Trump impeachment: Officials who heard Ukraine 'bribery call' first hand found it 'inappropriate' and 'unusual'

Andrew Buncombe
Jennifer Williams and Lt Col Alexander Vindman both had concerns about president's call: Getty

Donald Trump’s controversial phone call with the leader of Ukraine was “inappropriate” and “unusual”, according to two US officials who listened first hand to the conversation.

Lt Col Alexander Vindman, a military veteran with 20 years' experience, was so troubled by what he heard that he promptly contacted a White House lawyer, a hearing on Capitol Hill was told.

“Without hesitation, I knew that I had to report this to the White House counsel,” said Lt Col Vindman.

Jennifer Williams, a special adviser on Europe and Russia to vice president Mike Pence, said she found the call “unusual” because it related to domestic politics, but she did not report it to anyone

The pair testified before the House intelligence committee on Tuesday, as the latest witnesses subpoenaed by Democrats to provide public evidence to their impeachment inquiry into what they have termed Mr Trump’s “bribery” in regard to Ukraine.

Ahead of Tuesday’s session, it was stressed the information the witnesses possessed was of particular importance because unlike some of those called to give evidence, the pair both listened in on Mr Trump’s July 25 phone call with Volodymyr Zelensky.

Lt Col Vindman, 44, a veteran of the Iraq war and director for European affairs at the national security council, said he had immediately passed on his concerns to John Eisenberg, a White House lawyer.

“It was inappropriate for the president to request – to demand – an investigation into a political opponent, especially [from] a foreign power where there is at best dubious belief that this would be a completely impartial investigation and that this would have significant implications if it became public knowledge,” the officer told the committee.

Lt Col Vindman also condemned Mr Trump’s Twitter attack on a previous witness.

He said: “I want to state that the vile character attacks on these distinguished and honourable public servants is reprehensible. It is natural to disagree and engage in spirited debate, this has been our custom since the time of our Founding Fathers, but we are better than callow and cowardly attacks.”

He spoke after Mr Trump last week used social media to attack Marie Yovanovitch, a former US ambassador to Ukraine, who testified about how US policy on Ukraine had been upended by Mr Trump and his personal lawyer, Rudy Giuliani.

Lt Col Vindman, who who appeared wearing his army uniform and medals, and who at one point asked he be addressed by his rank, told the committee his family fled the Soviet Union and settled in the United States.

“Dad, that I am sitting here today, in the US Capitol talking to our elected officials is proof that you made the right decision 40 years ago to leave the Soviet Union and come here to the United States of America in search of a better life for our family. Do not worry, I will be fine for telling the truth,” he said.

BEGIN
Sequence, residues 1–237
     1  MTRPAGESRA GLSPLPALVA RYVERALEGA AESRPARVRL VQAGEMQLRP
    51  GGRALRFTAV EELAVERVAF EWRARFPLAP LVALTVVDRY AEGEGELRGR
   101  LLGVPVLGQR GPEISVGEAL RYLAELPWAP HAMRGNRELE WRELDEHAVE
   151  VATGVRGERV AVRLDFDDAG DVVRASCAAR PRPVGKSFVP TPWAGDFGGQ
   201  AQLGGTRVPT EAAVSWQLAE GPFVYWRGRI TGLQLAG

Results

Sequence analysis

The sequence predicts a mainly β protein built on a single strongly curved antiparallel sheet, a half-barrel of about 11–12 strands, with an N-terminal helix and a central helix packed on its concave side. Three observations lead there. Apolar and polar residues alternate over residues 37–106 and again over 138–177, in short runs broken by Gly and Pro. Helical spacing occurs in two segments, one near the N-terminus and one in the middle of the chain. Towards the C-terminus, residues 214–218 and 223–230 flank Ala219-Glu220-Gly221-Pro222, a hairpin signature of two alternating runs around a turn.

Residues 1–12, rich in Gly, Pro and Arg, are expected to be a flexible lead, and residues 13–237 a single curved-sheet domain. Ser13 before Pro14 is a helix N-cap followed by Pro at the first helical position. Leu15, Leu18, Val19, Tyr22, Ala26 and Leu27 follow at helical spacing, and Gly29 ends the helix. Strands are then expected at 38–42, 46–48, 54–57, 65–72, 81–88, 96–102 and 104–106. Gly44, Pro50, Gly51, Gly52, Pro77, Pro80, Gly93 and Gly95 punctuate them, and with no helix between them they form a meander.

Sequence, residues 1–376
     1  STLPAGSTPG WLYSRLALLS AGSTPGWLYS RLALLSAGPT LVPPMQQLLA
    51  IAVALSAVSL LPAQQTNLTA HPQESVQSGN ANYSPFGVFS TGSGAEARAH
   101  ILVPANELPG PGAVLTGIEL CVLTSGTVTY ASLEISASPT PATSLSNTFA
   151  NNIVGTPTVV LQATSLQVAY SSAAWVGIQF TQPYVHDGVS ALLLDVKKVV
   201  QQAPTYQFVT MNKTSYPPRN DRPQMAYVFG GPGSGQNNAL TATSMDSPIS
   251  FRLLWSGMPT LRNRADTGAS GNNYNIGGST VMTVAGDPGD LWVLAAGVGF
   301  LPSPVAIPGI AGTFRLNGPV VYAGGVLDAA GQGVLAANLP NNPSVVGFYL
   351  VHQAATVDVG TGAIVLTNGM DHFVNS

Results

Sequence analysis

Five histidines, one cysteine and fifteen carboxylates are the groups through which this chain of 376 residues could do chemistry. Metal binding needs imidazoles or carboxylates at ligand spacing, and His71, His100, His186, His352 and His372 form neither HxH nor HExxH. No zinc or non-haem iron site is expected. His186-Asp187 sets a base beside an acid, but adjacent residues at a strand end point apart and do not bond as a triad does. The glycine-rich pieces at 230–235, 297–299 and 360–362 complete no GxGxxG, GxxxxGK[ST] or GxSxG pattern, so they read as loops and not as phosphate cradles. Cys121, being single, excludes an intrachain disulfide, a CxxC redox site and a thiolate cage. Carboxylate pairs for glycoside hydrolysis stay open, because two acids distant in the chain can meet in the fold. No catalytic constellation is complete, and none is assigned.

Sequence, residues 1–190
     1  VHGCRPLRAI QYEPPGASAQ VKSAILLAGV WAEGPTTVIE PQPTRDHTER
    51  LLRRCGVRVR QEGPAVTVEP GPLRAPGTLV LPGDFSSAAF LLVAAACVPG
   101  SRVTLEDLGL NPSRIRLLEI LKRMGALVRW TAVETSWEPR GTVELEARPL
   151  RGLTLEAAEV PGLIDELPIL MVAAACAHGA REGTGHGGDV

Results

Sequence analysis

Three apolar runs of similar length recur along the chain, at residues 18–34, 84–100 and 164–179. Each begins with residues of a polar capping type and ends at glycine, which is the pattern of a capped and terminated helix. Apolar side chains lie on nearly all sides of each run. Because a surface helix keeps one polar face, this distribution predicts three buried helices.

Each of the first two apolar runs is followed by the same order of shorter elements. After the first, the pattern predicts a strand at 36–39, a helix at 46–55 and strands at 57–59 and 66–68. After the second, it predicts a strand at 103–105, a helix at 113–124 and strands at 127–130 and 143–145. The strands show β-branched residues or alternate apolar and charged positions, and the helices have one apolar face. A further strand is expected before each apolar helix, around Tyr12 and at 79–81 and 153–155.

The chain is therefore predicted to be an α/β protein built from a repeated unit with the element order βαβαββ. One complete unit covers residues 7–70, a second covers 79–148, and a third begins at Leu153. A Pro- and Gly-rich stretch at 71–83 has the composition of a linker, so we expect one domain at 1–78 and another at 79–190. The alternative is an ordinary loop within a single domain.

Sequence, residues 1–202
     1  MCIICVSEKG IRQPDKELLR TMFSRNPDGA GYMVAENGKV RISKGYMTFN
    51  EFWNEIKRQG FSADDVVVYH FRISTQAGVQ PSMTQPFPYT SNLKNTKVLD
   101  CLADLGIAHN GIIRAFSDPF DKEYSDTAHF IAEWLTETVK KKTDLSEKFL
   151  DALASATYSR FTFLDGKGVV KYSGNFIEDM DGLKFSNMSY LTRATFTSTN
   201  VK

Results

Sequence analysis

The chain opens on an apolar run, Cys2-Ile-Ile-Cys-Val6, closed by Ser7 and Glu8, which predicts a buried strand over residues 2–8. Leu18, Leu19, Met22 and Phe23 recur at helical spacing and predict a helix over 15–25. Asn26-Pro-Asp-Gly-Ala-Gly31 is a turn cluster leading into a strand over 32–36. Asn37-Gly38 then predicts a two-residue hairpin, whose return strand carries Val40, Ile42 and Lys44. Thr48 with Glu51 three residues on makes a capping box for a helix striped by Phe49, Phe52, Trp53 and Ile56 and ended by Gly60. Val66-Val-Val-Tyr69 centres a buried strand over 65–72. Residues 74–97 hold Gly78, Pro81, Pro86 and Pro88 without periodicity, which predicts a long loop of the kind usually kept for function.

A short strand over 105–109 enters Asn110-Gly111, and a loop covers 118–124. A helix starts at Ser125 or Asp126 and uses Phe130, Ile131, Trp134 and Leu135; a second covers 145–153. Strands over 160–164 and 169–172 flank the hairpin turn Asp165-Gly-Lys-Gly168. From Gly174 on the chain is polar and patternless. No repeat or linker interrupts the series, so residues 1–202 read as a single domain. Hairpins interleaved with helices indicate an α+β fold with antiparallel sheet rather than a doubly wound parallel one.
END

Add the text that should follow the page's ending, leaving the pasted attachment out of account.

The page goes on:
He said felt strong enough to strand up to the most powerful person in the world, because “this is America”.

Ms Williams, who has served in Jamaica, Lebanon and the United Kingdom, said Mr Trump’s call with Zelensky was unusual because “it involved discussion of what appeared to be a domestic political matter.”.

She said the White House budget office had said Mr Trump’s acting chief of staff, Mick Mulvaney, had directed $391m in security aid to Ukraine be put on hold and that she never learned why the assistance was later released in September.

Democrats launched an impeachment investigation after a whistleblower, believed to be a member from the US intelligence community, alleged that in his call to Mr Zelensky, Mr Trump had requested he launch an investigation into Joe Biden and his son, in exchange for the release of military aid and a state visit to the US.

Mr Trump, who has denied any wrongdoing, has described the investigation as a “witch hunt”. On Tuesday, he said he did not know the officer and mocked him for wearing his military uniform.

Democrats have been accused of intentionally changing the language they use to describe the proceedings after discovering from focus groups that “bribery” had more traction with voters than the phrase “quid pro quo”.

Adam Schiff, the Democratic chair of the committee, defended use of the word.

“The fact that they failed in this solicitation of bribery doesn’t make it any less bribery, doesn’t make it any less immoral or corrupt,” he said. “It just means it wasn’t successful.”

Congressman Devin Nunes, the committee’s top Republican and a close ally of the president, did not address the substance of the witness testimony about the president’s actions in his opening statement, but unleashed an attack on the media, calling journalists “puppets of the Democratic Party”.

The committee was due to hear from two other witnesses, Kurt Volker, the former US special envoy to Ukraine, and former national security council Russia expert Tim Morrison.

Additional reporting by Reuters

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